They have been very clever in allowing their shadow banking system to grow so very rapidly, but at the same time no one bank is large enough to damage the entire system. A few weeks ago the shadow bank system collapsed in one large city – the local govt just bailed it out and hardly anyone outside of China noticed.

    Chinese capital is on a massive spending spree throughout the world, buying up real-estate, resources and productive capacity. They’ve learnt well from the capitalist west that it’s smart to export the dirtiest, filthiest jobs out from your homeland and under the guise of various FTA’s will export millions of workers offshore. It’s the most massive economic colonisation program in all history. Absolutely the China is suffering dire environmental blowback in the homeland at present – but this is only a temporary phase. A growing and increasingly sophisticated middle-class will not tolerate environmental degradation indefinitely.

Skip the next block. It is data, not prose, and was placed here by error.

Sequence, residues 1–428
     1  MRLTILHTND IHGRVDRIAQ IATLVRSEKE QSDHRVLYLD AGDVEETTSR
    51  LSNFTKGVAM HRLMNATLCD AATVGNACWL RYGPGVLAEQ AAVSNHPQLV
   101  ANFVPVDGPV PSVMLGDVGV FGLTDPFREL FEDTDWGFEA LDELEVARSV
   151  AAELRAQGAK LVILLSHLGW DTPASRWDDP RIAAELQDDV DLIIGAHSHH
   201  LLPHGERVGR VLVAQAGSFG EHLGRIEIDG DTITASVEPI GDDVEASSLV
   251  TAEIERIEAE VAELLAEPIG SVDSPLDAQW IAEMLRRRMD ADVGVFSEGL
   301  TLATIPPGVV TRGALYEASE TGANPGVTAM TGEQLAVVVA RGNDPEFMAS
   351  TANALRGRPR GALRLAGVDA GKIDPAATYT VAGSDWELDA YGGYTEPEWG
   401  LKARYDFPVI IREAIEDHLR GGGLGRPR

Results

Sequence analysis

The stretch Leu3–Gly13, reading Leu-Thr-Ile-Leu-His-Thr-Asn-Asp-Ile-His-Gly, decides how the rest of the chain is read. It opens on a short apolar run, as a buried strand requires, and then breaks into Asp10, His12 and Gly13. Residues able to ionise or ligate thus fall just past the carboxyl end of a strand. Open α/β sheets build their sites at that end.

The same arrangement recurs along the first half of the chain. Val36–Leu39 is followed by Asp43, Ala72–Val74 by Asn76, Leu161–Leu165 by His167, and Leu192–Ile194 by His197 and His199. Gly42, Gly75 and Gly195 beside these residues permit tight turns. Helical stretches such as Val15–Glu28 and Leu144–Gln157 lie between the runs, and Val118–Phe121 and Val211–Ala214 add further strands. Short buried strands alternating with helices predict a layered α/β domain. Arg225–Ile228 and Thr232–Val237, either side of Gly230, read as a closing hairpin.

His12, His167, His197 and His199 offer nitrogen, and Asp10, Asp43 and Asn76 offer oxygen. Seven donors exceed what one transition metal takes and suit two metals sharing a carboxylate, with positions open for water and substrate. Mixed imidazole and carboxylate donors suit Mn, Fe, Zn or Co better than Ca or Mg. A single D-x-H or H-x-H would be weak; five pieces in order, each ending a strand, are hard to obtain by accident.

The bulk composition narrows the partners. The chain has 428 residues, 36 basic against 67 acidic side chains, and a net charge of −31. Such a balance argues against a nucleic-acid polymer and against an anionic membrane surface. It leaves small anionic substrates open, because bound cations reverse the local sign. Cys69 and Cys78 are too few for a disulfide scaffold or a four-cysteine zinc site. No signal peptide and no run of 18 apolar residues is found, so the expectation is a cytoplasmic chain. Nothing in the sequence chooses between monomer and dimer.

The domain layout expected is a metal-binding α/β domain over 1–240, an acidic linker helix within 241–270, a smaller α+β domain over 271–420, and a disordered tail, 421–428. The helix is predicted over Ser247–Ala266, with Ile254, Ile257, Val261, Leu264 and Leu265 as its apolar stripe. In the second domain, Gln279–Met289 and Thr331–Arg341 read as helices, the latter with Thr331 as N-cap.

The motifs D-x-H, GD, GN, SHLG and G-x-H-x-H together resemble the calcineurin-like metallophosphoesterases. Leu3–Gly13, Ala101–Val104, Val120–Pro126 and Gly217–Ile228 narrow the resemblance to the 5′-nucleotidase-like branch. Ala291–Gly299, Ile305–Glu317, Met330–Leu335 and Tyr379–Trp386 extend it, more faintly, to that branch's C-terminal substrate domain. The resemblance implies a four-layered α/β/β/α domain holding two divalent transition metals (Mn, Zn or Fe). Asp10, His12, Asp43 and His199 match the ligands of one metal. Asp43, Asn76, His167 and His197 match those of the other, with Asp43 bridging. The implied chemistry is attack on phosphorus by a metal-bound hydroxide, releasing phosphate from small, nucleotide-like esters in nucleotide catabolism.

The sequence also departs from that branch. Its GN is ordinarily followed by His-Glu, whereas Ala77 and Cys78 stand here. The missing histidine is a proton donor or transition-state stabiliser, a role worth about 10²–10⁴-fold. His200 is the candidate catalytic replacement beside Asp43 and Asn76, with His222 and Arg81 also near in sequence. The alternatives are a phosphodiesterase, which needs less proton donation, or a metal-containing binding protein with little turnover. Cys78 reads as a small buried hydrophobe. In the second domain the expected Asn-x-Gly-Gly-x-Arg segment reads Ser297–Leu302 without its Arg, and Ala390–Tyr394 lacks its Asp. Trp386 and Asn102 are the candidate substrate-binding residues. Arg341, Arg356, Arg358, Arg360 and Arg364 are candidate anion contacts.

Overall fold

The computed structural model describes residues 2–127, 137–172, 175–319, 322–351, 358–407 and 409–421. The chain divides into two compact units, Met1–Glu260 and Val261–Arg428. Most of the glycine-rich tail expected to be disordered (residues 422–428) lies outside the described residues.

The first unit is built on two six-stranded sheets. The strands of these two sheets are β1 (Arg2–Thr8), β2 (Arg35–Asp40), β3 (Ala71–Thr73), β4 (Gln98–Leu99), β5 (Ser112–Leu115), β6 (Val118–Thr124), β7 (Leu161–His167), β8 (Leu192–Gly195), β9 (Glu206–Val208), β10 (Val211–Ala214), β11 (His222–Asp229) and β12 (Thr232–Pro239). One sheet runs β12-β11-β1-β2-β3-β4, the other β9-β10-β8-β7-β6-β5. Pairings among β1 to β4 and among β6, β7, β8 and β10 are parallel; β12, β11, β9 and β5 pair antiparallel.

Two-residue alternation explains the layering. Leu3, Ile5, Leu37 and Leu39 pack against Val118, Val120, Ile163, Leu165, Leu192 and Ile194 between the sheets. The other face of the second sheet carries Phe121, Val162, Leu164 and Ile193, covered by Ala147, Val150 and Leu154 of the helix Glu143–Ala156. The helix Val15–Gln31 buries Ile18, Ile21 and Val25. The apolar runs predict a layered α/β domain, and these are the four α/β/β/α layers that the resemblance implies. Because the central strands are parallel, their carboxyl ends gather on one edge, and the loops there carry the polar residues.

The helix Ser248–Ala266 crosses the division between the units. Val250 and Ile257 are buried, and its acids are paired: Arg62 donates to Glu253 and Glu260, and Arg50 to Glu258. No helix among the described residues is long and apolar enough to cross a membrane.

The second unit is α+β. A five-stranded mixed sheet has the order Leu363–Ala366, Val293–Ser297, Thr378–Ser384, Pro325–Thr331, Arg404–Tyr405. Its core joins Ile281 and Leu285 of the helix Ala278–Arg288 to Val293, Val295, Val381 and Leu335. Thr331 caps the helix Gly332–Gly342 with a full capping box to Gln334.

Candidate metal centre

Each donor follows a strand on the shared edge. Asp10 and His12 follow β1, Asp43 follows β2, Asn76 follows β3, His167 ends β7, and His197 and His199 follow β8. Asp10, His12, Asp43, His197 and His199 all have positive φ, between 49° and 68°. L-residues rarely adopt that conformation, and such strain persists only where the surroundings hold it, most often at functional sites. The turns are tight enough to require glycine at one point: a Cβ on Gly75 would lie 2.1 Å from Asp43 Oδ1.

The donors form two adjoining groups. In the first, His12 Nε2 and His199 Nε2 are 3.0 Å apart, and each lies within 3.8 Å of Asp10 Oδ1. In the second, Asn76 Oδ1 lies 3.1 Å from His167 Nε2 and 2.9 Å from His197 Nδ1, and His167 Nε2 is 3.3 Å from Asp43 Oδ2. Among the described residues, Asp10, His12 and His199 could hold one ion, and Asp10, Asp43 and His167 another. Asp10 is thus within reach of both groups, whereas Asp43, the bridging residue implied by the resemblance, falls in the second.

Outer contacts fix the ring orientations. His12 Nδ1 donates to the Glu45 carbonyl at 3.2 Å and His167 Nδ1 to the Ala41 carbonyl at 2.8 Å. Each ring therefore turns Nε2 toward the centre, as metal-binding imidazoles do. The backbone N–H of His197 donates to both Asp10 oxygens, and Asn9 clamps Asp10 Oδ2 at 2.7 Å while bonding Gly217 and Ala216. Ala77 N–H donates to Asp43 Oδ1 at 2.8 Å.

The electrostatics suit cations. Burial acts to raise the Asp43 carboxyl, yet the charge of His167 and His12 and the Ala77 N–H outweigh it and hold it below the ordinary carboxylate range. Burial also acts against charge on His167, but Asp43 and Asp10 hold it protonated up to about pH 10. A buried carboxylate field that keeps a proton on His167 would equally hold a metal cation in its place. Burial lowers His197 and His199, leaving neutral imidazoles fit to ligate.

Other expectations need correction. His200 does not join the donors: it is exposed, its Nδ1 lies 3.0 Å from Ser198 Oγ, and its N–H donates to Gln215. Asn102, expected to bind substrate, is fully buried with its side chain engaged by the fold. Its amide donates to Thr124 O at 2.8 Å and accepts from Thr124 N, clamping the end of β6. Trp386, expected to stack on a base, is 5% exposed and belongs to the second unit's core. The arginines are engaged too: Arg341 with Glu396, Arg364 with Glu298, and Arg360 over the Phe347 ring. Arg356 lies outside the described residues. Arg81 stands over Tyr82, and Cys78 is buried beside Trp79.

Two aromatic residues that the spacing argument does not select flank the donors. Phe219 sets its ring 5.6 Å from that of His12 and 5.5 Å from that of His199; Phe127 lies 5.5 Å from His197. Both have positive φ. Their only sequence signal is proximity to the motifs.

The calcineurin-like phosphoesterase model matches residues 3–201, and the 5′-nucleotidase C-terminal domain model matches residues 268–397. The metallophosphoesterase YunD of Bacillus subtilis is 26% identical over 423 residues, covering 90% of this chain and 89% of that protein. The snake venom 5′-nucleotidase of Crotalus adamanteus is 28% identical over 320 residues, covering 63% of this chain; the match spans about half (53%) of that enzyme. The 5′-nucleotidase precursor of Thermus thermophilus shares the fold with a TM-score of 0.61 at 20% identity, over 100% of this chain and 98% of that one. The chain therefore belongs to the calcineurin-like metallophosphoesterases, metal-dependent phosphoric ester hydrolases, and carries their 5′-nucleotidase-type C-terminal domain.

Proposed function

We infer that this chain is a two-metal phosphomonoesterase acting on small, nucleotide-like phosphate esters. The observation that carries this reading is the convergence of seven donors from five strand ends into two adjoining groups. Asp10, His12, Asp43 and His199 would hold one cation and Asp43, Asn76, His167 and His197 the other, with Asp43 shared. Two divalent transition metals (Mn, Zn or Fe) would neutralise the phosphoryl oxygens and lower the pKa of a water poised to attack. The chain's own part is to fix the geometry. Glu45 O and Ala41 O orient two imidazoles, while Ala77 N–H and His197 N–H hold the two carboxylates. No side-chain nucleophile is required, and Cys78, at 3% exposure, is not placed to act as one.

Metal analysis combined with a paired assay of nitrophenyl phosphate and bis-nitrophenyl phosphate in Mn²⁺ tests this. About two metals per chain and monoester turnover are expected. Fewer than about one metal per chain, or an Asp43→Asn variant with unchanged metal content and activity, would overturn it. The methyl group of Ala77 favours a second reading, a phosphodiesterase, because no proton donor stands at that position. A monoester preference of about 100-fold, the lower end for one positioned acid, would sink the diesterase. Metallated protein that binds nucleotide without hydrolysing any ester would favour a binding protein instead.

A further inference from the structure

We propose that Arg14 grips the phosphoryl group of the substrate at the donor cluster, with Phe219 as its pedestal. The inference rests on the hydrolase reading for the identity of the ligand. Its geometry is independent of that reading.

At the same time their military budget is now $200b and ramping up rapidly. They will overmatch the USA by 2020.

    Within 20 years China will be the dominant player in the world. That fact is indisputable anyone who imagines that they will somehow stall or collapse is deluding themselves. The open question is going to be exactly how that dominance plays out.

    • Colonial Viper 5.1

      It’s not that the things you’ve said are not true, RL, it’s that you’ve not mentioned the pressures of certain very tough constraints that China is now running up against.

      China has massive demographic problems, social/political unrest, economic imbalances (eg services vs manufacturing sector imbalance), graft and environmental degradation.

      For instance, the consequences of the one child policy means that China’s population over 60 is going to massively increase over the next 30 years. IMO that alone will sink the more optimistic growth projections for China.

      • RedLogix 5.1.1

        China has massive demographic problems, social/political unrest, economic imbalances (eg services vs manufacturing sector imbalance), graft and environmental degradation.

        The point is that the CCP has the capacity to solve them. These people are not afraid of thinking big and planning for the long-term because they have the certainty that they will be around for the long-haul.